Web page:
Borders dominate the security agenda in South-east Europe. Political and ethnic discontents focus on disputed borders, while traffickers in migrants and drugs ignore them.The EU argues that the Balkan countries should develop models of border management using its policing standards, but the region is rife with corruption and its border guards are both under-resourced and ineffective.
This Paper asks how and why border management in South-east Europe is developing as it is, and what this might mean for the future of Europe. Drawing on recent experience in Bosnia, Herzegovina, Slovenia, Macedonia and Albania, it looks at the ways in which the regions' borders are managed, and gauges the development of a consensual European approach to border security. It shows how governments and guards understand the predicament of regional insecurity, and how they respond with strategies that accommodate, evade or subvert unavoidable political pressures.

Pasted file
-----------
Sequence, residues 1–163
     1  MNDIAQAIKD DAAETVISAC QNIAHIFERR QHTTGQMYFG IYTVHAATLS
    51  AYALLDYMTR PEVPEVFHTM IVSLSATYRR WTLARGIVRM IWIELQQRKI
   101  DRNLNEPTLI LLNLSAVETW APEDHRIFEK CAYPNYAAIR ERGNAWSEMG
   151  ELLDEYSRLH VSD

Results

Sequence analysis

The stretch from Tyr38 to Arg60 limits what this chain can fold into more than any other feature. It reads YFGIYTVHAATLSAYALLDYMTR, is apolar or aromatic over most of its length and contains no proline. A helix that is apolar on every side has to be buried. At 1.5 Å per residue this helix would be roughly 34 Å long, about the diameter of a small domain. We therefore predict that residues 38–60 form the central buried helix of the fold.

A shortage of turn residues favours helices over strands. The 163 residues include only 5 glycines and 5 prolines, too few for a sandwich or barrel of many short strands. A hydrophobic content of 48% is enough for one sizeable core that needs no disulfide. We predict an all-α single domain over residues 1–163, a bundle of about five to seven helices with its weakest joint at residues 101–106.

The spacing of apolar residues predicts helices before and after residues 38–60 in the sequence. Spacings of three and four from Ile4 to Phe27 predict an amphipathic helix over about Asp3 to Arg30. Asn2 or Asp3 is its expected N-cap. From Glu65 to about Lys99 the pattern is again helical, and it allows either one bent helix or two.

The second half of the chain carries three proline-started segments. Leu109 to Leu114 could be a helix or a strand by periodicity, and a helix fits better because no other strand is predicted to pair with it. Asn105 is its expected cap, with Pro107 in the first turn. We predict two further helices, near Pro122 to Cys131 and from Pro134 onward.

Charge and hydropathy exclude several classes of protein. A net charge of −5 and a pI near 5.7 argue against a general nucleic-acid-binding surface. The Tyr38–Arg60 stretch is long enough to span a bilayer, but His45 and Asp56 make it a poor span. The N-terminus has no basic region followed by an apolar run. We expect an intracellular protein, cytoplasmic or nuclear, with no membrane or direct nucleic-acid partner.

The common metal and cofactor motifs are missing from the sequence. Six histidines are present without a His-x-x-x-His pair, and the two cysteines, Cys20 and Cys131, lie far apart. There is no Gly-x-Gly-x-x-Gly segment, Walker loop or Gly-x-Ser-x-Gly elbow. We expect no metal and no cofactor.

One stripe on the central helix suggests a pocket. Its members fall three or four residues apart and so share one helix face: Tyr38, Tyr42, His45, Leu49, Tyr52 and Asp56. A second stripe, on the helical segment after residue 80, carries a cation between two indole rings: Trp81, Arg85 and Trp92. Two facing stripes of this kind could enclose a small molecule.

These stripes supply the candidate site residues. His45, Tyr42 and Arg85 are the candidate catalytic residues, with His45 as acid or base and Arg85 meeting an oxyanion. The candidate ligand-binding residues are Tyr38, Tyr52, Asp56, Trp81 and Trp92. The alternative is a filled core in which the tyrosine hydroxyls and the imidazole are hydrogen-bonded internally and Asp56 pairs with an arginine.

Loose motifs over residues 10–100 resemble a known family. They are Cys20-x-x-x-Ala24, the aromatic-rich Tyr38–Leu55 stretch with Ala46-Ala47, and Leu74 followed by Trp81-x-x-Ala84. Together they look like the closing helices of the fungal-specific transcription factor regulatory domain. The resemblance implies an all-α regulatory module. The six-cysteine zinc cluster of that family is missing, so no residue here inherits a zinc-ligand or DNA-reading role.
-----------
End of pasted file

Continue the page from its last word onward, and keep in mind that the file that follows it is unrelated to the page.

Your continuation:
Table of Contents
Introduction, 1 Assumptions,principles and strategy, 2 Bosnia Herzegovina and Slovenia, 3 Macedonia and Albana, 4 Regional Trends and realities.
Alice Hills (Leeds University, UK) (Author)